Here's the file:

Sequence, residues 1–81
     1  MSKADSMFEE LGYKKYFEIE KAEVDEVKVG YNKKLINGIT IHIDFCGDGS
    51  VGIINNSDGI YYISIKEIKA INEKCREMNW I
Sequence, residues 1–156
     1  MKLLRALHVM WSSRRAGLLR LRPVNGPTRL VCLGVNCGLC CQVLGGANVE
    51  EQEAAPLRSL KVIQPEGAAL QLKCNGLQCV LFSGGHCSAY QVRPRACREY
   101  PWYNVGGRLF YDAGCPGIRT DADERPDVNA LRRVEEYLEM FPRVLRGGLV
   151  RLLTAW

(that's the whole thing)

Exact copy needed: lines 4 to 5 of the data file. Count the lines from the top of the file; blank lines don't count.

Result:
Sequence, residues 1–156
     1  MKLLRALHVM WSSRRAGLLR LRPVNGPTRL VCLGVNCGLC CQVLGGANVE